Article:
I didn’t enjoy history at all when I was in school. But I love (teaching? learning?) doing history with my kids. How we do homeschool history is really simple and enjoyable. Instead of each individual kid doing their own history curriculum, we all sit down together and learn – including me!
(Update 2017 – This approach worked well for us several years ago when my four oldest kids were younger. And I may revisit this method with my three younger ones. As for now, the big kids do history almost entirely on their own, although I do enjoy reading their lessons aloud with them.)
One reason I teach the kids as a group is because when you’re homeschooling multiple children, you don’t have time for everyone to do their own thing all the time. Math they do alone because they are at different skill levels, but some subjects (like science and history) lend themselves well to group study.
How We Do Homeschool History
We use Susan Wise Bauer‘s Story of the World books. Bauer is the author of the much-respected Well-Trained Mind and has also authored several other homeschool curricula. She is a proponent of the Classical homeschool method. While I’m not following a Classical style curriculum, I still like these books for a number of reasons.
Teach history chronologically.
That is the only way to do history that makes any sense at all to me. Why do kids in public school learn about United States history first? How do they understand the people and the situations that led to the founding of America if they don’t understand all the things that came before?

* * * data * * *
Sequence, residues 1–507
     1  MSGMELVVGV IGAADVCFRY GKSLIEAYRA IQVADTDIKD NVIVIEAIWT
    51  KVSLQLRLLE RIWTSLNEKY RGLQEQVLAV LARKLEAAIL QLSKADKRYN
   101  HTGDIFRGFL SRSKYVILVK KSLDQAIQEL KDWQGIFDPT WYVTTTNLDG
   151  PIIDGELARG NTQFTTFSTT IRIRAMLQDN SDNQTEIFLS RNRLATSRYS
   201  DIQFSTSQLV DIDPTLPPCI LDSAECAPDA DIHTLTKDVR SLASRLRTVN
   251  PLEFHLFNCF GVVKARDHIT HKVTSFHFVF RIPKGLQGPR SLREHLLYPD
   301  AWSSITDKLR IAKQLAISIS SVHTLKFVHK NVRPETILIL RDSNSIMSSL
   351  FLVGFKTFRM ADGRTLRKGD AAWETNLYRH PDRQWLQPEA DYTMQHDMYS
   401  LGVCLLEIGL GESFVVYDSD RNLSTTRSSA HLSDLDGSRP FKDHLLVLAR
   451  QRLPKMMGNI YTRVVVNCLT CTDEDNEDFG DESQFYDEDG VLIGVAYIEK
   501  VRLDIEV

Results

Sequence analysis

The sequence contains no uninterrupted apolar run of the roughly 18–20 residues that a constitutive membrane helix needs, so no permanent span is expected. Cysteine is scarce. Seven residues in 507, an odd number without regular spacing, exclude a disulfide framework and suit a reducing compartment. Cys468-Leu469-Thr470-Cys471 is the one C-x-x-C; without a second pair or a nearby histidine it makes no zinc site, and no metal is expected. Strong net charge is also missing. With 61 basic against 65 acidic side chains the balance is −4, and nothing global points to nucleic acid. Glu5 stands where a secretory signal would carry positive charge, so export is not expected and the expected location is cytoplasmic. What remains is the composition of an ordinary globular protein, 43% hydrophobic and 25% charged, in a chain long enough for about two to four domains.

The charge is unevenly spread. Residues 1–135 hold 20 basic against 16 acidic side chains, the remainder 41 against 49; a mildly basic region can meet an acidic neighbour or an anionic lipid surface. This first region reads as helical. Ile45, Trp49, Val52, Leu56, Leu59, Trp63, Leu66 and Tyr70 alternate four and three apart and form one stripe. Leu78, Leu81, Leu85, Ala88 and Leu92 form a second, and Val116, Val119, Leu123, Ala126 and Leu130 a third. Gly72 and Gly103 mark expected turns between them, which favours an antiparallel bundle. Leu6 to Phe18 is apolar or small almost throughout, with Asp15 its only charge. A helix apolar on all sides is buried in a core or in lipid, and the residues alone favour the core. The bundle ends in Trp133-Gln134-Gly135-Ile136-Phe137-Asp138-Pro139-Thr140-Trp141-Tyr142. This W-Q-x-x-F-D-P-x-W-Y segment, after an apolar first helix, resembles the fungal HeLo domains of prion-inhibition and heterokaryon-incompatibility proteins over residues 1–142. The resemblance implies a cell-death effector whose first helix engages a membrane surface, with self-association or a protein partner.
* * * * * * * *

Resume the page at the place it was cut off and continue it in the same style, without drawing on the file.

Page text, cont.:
Second, the books are written by a Christian so they present Joseph, Moses, Abraham, Jesus and other Bible characters as real people. But the books don’t teach doctrine, which is my job.
Third, I find the books are written in simple, clear language so that I can teach history to the 6 year old, 8 year old and 10 year old without anyone getting bored or it being too difficult.
How we do homeschool history with Story of the World
Traditionally, history was taught orally, passed down from one generation to the other. So when we sit down to do history, we read a section of the book together, then discuss it.
I highlight any vocabulary words and ask the kids about their meaning, which they’re typically able to tell me from the context of the story.
If your kids love to dig deep into history, they can easily do so using SotW as a spine.
For example when doing the chapter on the First Nomads from Volume One, you could check out books from the library and read more about nomads. You could eat a paleo diet for a week, relying on foods that are in season or that you can hunt or gather locally.
My oldest has completed the first book: The Story of the World: Volume 1: Ancient Times: From the Earliest Nomads to the Last Roman Emperor and has started on Volume Two: The Middle Ages. But he sits in on the lessons in Volume 1 with his siblings for a review.
He really enjoys these books and will sit and read them for bedtime stories without any prompting from me. That is a good sign, no?
We still use Story of the World and love it. My oldest doesn’t do history with us, however, as his comprehension level is so far ahead of the two middle kids.
After reading the lesson by himself, I give him the test out of the Text and Answer Key. The younger kids go through the activities and questions from the Activity Book with me after we read the lesson aloud together.
Now that my kids are older (and I have more of them!), the big kids do more independent study. How we do homeschool history has had to change as my family situation changed. We still adore Story of the World and use it with the younger kids.)
For high schoolers, The History of the World books, also by Susan Wise Bauer, are comprehensive and challenging.
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